The Office of the Superintendent of Financial Institutions (OSFI) recently issued for comment a draft Liquidity Adequacy Requirements (LAR) Guideline (the Draft Guideline) applicable to banks, bank holding companies and federal trust and loan companies. The Draft Guideline sets out the metrics OSFI will use to assess the adequacy of an institution’s liquidity and is part of the ongoing rollout of Basel III in Canada. The Draft Guideline is to be read together with OSFI Guideline B-6: Liquidity Principles and the Principles for Sound Liquidity Risk Management and Supervision issued by the Basel Committee on Banking Supervision (BCBS) in 2008.

Comments on the Draft Guideline are to be provided by January 24, 2014.

The Draft Guideline states that OSFI will conduct detailed supervisory assessments of quantitative and qualitative aspects of an institution’s liquidity risk in light of the Liquidity Adequacy Requirements (LAR) Guideline and Guideline B-6. Deputy Superintendent Andrew Kriegler stated in a presentation at the Autorité des marchés financiers “Adapting to a New Reality” conference on November 18, 2013 that OSFI will review liquidity risk management and liquidity transfer pricing across the six Canadian domestic systemically important banks (D-SIBs) in 2014.

Overview of the Draft Guideline

The Draft Guideline addresses the following:

  • Liquidity Coverage Ratio (LCR) - a standard that promotes the short-term resilience of an institution’s liquidity risk profile by ensuring it has sufficient high-quality liquid assets (HQLA) to survive a significant stress scenario lasting 30 days. The minimum LCR requirement for Canadian institutions will be set at 100%, meaning that the stock of HQLA should be at least equal to total net cash outflows during a 30 day period. It is recognized that LCR may fall below 100% during periods of financial stress.
  • Net Stable Funding Ratio (NSFR) - a standard that establishes a minimum acceptable amount of stable funding based on the liquidity characteristics of an institution’s assets and activities over a one year horizon. NSFR is subject to change based on the BCBS’s scheduled review of the NSFR standard in 2013-2014.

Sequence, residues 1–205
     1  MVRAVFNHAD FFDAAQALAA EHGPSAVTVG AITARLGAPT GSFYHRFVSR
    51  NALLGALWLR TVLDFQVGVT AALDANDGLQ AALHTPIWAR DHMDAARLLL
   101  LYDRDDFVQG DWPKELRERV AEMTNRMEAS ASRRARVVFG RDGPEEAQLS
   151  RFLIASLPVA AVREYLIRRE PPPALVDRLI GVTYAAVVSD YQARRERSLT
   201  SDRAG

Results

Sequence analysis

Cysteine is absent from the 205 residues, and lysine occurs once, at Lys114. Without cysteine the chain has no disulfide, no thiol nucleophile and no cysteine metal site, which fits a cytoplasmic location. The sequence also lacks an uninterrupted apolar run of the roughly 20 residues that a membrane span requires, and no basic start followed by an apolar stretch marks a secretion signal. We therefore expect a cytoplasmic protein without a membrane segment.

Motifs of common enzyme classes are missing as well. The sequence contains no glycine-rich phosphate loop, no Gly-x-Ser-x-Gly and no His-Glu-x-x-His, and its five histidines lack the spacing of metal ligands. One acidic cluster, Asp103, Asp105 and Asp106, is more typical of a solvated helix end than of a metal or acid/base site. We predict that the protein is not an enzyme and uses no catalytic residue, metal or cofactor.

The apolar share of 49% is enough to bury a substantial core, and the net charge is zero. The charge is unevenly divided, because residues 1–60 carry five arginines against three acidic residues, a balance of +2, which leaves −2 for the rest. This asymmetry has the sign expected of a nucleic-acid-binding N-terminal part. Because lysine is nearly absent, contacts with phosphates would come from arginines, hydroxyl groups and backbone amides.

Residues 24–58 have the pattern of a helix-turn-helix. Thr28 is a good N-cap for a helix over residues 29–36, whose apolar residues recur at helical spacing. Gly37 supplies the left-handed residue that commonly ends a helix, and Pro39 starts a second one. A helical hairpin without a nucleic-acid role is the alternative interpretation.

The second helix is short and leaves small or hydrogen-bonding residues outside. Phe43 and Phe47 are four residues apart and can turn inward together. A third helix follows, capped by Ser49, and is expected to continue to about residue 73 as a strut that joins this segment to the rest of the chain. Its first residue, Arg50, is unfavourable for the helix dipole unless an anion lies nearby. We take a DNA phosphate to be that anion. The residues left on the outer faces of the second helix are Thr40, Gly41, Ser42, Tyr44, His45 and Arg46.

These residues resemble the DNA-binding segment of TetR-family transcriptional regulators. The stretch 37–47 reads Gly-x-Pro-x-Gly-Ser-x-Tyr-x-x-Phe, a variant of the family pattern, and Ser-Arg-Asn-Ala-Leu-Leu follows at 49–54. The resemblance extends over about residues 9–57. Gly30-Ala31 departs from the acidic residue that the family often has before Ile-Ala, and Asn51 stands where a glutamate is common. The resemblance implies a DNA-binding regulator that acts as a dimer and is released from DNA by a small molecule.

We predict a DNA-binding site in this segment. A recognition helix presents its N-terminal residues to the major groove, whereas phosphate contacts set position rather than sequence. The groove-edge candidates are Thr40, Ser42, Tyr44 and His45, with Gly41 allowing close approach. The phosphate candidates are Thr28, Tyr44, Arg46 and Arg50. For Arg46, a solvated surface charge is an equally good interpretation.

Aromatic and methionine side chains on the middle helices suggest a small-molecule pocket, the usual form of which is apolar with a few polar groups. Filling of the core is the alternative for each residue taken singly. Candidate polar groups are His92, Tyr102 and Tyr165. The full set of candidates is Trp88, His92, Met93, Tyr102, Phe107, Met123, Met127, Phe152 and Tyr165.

• Net Cumulative Cash Flow (NCCF) - a measurement of an institution’s net cumulative cash flows, on a contractual basis, after the application of assumptions around the functioning of assets and modified liabilities. NCCF helps identify gaps between contractual inflows and outflows for various time bands over and up to a 12 month time horizon and, accordingly, helps identify potential cash flow shortfalls. Whereas LCR and NSFR are BCBS standards, NCFF is a Canadian monitoring tool that OSFI has used for a number of years.
  • Liquidity monitoring tools - a suite of metrics (in addition to the LCR, NSFR and NCFF) that are to be used to capture information relating to cash flows, balance sheet structure, available unencumbered collateral and certain market indicators.
  • Intraday liquidity monitoring tools - a suite of tools to enable OSFI and the Bank of Canada to monitor an institution’s management of intraday liquidity risk and its ability to meet payment and settlement obligations.

In the November 18, 2013 presentation referred to above, Andrew Kriegler discussed “outside” and “inside” rules in a manner that provides insight into OSFI’s expectations regarding liquidity risk management. As explained by Mr. Kriegler, outside rules are quantitative, measureable and objective and inside rules focus on how institutions are managing themselves and on the behaviours and attitudes of institutions. In his view, LCR and NSFR are both outside rules and NCCF is an inside rule. As part of the review of liquidity risk management and liquidity transfer pricing for the D-SIBs that is scheduled to occur in 2014, OSFI will look at how each institution is meeting not only the outside rules of LCR and the draft NSFR, but also at how it is living the inside rules of the prudential liquidity risk principles in OSFI’s guidance and the risk management methodologies implied by NCCF.

While the liquidity adequacy requirements generally apply on a consolidated basis (except with respect to insurance subsidiaries), institutions are expected to monitor and control liquidity risk exposures and funding needs at the level of individual legal entities, foreign branches and subsidiaries, and the group as a whole, taking into account limitations on the transferability of liquidity.

The implementation date of the LCR standard is January 1, 2015; there will be no phase-in period for the 100% LCR requirement. The implementation date for electronic filing of data supporting the other liquidity monitoring tools, including the NCCF supervisory tool, is also set for January 2015. Implementation of the intraday liquidity monitoring tools and NSFR will follow the Basel implementation timelines.